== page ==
Tuesday, August 31, 2010

Country Life, Part 1

Hello, everyone! We hope you had a wonderful summer. Now that September’s almost here, we’re slipping back into our regular posting schedule once again…did you miss us?

A couple of posts ago Regina blogged about country house visits. We thought it would interesting to delve a little more deeply into the country house...the place where our young ladies of fortune retired to when they weren't gallivanting about in London, going to Almack's and flirting with handsome young men.

An estate (or often more than one) in the country was home for the upper classes in 19th century England. More than the aristocracy of other European nations, the English loved country life. Houses in London, Bath, Brighton, or whatever other urban setting might come and go, but the ancestral estate was always there.

There was a darned good reason it was always there: ownership of extensive amounts of land was the noble family's source of wealth. Don't forget that English titles of nobility were usually tied to a geographical location, a relic of the giant land giveaway that happened after the Conquest. A wealthy landowner's income, whether he was titled or not, came chiefly from rents on land and buildings and commercial property: you rented land for farms out to farmers, houses and shop buildings in your villages to shopkeepers and professionals. But there was also substantial money to be had from from crops and other products of the land like mining, forestry, and animal husbandry, and from manufacturing.

In addition, if you were a member of the House of Commons (open to non-peers), you generally counted on your tenants (the ones who could vote, anyway) to vote for you. Prior to the 19th century seats in Parliament were almost looked at as family perquisites that could be handed down father to son; while that assumption was less true in the 19th century, it hadn't entirely gone away.

In short, if you had land, you had money and power.

Not everyone was enamored of country life--not a few wealthy men dedicated themselves to life in politics, the law, or court life, which necessitated living in the city. But the country house was always there in the background, like a safety net one could fall into during times of illness, disgrace, or surfeit with city life and high living. It was the place you called home.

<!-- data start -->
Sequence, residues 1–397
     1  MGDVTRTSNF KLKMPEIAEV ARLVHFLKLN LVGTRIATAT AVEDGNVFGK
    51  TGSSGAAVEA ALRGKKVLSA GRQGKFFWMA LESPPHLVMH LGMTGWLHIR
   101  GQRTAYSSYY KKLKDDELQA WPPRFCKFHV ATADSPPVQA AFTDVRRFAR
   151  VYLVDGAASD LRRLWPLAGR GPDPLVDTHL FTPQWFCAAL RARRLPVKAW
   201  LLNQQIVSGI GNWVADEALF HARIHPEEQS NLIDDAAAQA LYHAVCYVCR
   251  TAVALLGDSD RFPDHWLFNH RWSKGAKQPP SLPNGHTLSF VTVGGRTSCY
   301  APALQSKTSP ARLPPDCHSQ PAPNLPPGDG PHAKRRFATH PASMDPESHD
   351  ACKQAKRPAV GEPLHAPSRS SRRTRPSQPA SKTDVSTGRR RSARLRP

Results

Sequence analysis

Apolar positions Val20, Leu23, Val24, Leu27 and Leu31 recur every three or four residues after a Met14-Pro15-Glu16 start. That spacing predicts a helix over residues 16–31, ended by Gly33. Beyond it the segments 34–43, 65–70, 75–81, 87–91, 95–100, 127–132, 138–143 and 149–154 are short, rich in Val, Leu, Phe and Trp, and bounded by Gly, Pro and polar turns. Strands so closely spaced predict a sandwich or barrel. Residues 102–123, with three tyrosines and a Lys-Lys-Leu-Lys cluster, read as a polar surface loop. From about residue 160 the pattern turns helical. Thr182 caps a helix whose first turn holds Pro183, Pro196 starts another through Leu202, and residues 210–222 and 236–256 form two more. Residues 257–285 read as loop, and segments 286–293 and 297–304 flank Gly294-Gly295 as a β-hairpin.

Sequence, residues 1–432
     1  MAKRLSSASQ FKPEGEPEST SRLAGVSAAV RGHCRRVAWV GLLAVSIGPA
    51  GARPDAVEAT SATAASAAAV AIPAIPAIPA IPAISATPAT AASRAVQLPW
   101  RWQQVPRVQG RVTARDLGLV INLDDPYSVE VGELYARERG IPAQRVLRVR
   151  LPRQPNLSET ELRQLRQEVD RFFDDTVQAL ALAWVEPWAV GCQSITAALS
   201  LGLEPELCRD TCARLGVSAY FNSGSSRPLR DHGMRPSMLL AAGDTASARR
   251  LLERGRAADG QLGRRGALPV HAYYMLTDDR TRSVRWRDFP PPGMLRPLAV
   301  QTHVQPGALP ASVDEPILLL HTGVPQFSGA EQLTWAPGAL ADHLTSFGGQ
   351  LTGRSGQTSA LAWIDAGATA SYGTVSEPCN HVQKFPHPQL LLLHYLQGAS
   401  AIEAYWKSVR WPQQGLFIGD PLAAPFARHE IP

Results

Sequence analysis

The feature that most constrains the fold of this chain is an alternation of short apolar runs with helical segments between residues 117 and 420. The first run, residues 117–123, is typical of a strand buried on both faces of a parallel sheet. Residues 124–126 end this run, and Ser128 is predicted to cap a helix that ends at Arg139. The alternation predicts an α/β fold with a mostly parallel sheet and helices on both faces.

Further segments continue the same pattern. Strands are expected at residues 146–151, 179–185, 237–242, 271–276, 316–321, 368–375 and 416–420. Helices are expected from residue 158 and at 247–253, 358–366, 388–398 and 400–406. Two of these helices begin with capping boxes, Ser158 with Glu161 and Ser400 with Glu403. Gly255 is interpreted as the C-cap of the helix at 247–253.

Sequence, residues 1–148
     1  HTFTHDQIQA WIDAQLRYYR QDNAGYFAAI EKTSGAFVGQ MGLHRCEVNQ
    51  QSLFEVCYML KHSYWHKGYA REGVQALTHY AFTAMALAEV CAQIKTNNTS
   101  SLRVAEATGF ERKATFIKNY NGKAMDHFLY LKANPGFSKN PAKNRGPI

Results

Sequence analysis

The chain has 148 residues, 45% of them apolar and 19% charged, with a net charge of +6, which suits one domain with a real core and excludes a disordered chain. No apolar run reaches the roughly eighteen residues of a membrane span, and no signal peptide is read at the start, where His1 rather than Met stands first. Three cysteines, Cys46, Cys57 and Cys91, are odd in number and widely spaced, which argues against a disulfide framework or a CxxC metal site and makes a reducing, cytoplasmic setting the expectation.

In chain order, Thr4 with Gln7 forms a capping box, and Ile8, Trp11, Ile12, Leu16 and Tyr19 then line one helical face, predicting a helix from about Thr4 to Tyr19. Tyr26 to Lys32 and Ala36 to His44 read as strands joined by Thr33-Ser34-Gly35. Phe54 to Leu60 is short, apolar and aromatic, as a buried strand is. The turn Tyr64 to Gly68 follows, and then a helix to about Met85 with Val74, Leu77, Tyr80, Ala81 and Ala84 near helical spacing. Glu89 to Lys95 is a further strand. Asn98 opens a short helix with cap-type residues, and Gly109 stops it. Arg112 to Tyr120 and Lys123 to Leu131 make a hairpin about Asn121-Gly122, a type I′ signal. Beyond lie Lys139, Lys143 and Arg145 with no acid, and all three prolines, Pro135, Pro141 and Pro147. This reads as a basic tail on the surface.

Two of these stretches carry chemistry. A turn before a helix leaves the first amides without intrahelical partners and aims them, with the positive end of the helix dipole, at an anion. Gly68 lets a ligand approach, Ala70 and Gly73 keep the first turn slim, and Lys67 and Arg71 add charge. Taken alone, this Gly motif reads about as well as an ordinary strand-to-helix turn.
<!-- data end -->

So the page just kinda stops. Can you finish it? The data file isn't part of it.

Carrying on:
Stay tuned for more detail on just what life in the country entailed.

And it's nice to be back!


ChaChaneen said...

Welcome back and yes you ladies were missed! I did enjoy your summer hiatus postings on various subjects but am looking forward to the regular rhythm again. Have a great day!

Gillian Layne said...

And it's nice to have you all back! :)

I imagine you all could think up a month's worth of posts concerning country life. Do you have any good books or references on village life? I realized I don't know much on the particulars.

Marissa Doyle said...

What decades, Gillian? I highly recommend Flora Thompson's Lark Rise to Candleford (I discussed it here a year or two ago)hich takes place in the 1880s and 1890s, but hearkens back to earlier days as well. You aso might look up The Victorian Country Child by Pamela Horn (or indeed ANY of her books-- wonderful research). Some of Mark Girouard's books on the English country house might also be a good starting place (like Life in the English Country House).

It's nice to be back!!

QNPoohBear said...

Welcome back, ladies! I'm a city girl myself but it's always nice to get out to the country for a time.

I second Marissa's recommendation of Lark Rise to Candleford, and watch the TV series too. (It's been airing on our local PBS and you can find episodes on You Tube). It's full of wonderful and quirky characters.